City commissioners are considering a plan they say would put drivers for the taxi app Uber on the same playing field as other cab drivers in Tallahassee. But the move seems to be honking some people off.
After the recession hit, Roger Bell says he struggled to find a job and keep up with bills. Then he says Uber came to Tallahassee and gave him an answer.
“This has afforded me the opportunity to look for full time employment in addition to earning income to help take care of my children as well as pay bills,” Bell says.
And Bell is not the only one who has had that experience. During a city commission meeting Wedneday Uber drivers told stories about their desperate searches for jobs before Uber came to town, as well as stories about the people they’ve helped by driving – from young people who got safe rides home, to elderly and disabled people who drivers say appreciate the above and beyond service they provide. It’s a stark difference from the picture John Camillo paints. He represents the Yellow Cab company. And says Uber's terms are much different.
“By using the services you acknowledge that you may be exposed to situations involving third party providers that might be unsafe, offensive, and harmful to minors,” Camillo reads.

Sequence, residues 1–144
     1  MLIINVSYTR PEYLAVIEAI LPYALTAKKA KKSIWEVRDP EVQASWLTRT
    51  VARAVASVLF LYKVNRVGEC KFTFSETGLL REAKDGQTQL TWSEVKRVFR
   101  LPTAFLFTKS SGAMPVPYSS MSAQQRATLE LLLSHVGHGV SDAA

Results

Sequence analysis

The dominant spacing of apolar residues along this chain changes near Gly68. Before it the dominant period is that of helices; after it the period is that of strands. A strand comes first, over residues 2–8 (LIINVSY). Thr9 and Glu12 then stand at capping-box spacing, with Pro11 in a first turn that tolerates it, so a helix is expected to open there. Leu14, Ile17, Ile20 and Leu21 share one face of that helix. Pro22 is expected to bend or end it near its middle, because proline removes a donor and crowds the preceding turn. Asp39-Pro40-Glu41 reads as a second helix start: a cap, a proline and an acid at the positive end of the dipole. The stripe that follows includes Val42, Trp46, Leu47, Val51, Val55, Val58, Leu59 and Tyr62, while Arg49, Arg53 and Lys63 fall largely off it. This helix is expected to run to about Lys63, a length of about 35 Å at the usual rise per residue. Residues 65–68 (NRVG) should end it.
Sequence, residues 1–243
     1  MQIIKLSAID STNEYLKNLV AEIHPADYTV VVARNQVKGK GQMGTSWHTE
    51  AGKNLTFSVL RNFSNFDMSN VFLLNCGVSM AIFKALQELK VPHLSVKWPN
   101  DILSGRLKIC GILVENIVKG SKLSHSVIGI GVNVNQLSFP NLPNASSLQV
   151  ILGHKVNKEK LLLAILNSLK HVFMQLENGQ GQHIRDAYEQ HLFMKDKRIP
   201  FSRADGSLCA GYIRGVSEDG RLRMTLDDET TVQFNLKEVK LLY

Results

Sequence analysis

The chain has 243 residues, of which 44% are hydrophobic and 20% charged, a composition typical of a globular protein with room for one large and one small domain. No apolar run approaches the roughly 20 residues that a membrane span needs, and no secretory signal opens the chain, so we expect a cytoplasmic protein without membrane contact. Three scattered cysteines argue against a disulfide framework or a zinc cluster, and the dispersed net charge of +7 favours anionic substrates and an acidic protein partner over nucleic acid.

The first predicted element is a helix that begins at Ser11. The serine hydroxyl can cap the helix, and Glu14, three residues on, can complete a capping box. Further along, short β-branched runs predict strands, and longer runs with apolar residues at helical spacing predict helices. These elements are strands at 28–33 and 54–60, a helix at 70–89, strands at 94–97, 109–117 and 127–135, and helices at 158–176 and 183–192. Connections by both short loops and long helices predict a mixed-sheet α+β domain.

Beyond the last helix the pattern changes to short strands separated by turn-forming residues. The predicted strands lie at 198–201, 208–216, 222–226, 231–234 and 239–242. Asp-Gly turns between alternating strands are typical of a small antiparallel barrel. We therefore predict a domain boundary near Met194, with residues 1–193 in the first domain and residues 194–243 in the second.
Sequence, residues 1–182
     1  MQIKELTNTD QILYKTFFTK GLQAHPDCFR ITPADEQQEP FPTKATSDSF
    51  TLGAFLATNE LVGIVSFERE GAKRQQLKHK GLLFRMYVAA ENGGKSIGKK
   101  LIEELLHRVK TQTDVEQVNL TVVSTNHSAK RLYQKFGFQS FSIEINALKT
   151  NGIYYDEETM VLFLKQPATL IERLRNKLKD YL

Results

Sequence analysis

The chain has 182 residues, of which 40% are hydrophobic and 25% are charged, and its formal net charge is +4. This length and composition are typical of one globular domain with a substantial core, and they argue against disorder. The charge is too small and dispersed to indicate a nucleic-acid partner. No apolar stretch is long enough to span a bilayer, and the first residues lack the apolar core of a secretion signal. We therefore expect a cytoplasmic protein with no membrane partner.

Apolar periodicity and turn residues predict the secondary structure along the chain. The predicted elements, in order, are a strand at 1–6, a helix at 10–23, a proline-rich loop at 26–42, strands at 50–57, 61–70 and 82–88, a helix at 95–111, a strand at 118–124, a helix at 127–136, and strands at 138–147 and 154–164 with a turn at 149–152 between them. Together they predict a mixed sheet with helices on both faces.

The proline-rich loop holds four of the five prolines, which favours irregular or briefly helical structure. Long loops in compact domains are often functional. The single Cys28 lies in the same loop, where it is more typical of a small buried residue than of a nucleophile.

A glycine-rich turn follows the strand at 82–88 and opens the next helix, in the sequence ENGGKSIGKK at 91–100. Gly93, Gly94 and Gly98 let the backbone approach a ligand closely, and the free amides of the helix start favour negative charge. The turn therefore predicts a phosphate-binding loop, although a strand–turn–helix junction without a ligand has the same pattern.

Camillo says 120 licensed drivers work for Yellow Cab. And the city is looking into a plan that would require Uber drivers to undergo the same licensing Yellow Cab drivers do. Commissioners introduced an ordinance Wednesday that would require all drivers of “vehicles for hire” to pay $30 for a permit from the Tallahassee Police Department. Part of that permitting process will require drivers to pass a drug test. The ordinance will also require all vehicles, whether owned by the driver or company, to undergo an inspection. And it will require drivers to annually provide updates about their insurance information. Finally, it sets maximum rates for Uber drivers. The Commission didn’t discuss the issue Wednesday, but will hold a public meeting on the subject March 25.